Sunday’s military parade included flyovers by the Indian air force’s Russian-made Sukhoi Su-30 fighter jets and a U.S.-made C-130J Super Hercules transport plane. India recently dispatched the Hercules to a high-elevation landing strip near the Chinese border, highlighting its ability to reinforce troops there.

    A wing of the advanced fighters is also set to move to a base in northeastern India closer to China, marking a reorientation in threat assessments by the Indian military, which for decades has focused largely on rival Pakistan.

    Mr. Abe’s weekend visit joins a series of recent high-level exchanges with India. Japan’s Emperor Akihito and Empress Michiko came to India last year, and Mr. Singh visited Tokyo. Japan’s defense minister also made a recent trip to Delhi.

    Ties between the two haven’t been weighed down with the historical baggage that, to the consternation of Washington, burdens Japan’s relationships with some other Asian countries, most notably U.S. ally South Korea, and has hindered greater regional cooperation.

    During World War II, when India was still part of the British Empire, many Indian troops fought on the side of the allies. But Japan supported the creation of the pro-independence Indian National Army, which fought alongside Japanese troops in some battles.

    Korea, which was colonized by Japan for decades, says Japanese leaders have failed to adequately atone for the country’s actions—such as forcing Korean women to serve as prostitutes in Japanese military brothels during World War II. The two countries also have territorial disputes of their own.

    A visit by the newly elected Mr. Abe, a more nationalist leader than his recent predecessors, to the controversial Yasukuni Shrine, where 14 Class-A war criminals are honored along with Japan’s other war dead, angered Koreans. U.S. officials are pressing Mr. Abe to pledge not to visit the shrine again.

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  11. Soumya

    Soumya Major STAR MEMBER

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    Japan enters where China is barred – northeast India

    NEW DELHI: Japan is sailing in where China fears to tread. As India and Japan ramp up their bilateral relationship, India has invited Japan to invest in and build overland infrastructure in areas which are generally out of bounds for Chinese investments.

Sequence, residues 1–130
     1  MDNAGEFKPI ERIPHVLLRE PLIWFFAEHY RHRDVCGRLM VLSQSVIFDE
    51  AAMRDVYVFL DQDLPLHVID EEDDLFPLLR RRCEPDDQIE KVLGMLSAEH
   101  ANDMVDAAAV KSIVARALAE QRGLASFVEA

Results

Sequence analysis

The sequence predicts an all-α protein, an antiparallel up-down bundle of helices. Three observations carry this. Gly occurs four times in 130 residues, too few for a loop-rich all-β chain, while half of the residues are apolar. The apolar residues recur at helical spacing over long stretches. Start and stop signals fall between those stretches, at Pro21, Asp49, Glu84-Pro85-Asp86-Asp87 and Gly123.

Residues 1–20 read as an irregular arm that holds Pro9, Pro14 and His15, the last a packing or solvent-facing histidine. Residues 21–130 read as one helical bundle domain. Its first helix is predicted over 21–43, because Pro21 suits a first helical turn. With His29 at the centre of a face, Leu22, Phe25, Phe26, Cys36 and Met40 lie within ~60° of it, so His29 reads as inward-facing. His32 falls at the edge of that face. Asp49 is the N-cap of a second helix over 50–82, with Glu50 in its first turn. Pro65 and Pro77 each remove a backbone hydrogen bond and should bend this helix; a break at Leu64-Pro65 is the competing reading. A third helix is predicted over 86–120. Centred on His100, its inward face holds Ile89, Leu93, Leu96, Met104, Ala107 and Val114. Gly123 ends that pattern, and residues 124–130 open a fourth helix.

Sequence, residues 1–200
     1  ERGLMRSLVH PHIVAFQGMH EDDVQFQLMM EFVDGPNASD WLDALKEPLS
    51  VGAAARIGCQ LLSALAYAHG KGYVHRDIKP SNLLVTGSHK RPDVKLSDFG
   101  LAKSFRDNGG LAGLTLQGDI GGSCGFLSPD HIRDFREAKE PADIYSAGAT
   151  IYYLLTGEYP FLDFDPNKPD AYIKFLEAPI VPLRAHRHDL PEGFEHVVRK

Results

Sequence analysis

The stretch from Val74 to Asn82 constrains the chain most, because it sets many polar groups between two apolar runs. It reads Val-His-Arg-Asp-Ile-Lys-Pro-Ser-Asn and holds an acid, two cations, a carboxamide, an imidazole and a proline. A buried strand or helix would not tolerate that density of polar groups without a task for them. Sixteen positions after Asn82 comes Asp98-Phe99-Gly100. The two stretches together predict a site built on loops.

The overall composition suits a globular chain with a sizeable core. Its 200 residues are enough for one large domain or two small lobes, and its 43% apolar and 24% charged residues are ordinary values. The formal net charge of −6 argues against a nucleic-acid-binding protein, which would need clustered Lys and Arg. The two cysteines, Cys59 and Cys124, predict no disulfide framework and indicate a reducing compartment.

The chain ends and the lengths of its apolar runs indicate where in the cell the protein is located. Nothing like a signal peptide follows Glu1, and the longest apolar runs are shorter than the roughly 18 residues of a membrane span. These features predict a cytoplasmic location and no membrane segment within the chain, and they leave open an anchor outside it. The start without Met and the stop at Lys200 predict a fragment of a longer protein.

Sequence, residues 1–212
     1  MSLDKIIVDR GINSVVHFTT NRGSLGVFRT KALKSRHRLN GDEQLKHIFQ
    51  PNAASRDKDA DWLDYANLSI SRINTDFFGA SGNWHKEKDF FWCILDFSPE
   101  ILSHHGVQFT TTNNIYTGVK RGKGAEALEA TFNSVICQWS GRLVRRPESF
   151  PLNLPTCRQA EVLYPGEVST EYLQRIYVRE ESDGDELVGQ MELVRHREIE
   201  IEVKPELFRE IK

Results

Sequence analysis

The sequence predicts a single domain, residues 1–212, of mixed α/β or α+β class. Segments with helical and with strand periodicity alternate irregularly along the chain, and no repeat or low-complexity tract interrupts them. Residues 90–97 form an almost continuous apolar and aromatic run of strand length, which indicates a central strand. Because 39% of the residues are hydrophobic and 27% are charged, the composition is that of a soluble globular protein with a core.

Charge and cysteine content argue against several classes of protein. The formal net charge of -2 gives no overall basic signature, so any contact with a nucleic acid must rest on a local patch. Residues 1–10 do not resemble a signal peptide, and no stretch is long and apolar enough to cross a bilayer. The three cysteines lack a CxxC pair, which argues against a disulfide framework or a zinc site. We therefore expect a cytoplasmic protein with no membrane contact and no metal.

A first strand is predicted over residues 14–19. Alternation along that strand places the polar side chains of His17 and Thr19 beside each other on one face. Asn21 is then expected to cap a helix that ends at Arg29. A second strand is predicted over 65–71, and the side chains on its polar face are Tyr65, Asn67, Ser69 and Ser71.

India and Japan used the visit of Japanese Prime Minister Shinzo Abe to dramatically expand the scope of bilateral cooperation to include the politically sensitive northeastern states of India, areas where Chinese investment or projects are actively discouraged. Japanese companies will have the opportunity to help the development of the northeast specially to build roads, and aid agriculture, forestry and water supply and sewerage in these states.

    China claims Arunachal Pradesh as its territory, which has aggravated border tensions between India and China. Security agencies have also long tracked Chinese weapons assistance to militant outfits in northeastern states. It has taken India many difficult years to calm down these hills, but China remains a significant security threat.

    For India to invite Japan to build infrastructure here is a huge political statement. In 2007, China opposed an ADB loan for development works in Arunachal Pradesh describing it as "disputed territory". The last time the Japanese were in India's northeast was during the second world war, when they worked with Netaji Subhash Bose's INA to confront the British in Nagaland.

    Japanese companies have also been invited to help develop a new port in Chennai, which would be used to improve India's sea-route connectivity. India assiduously keeps China out of port development because they constitute India's critical infrastructure. Japanese assistance for Chennai port is also aimed at giving teeth to a new sea-based route that would start in Chennai, and end in Dawei port in Myanmar's Tanintharyi region. The port is being developed by Thailand.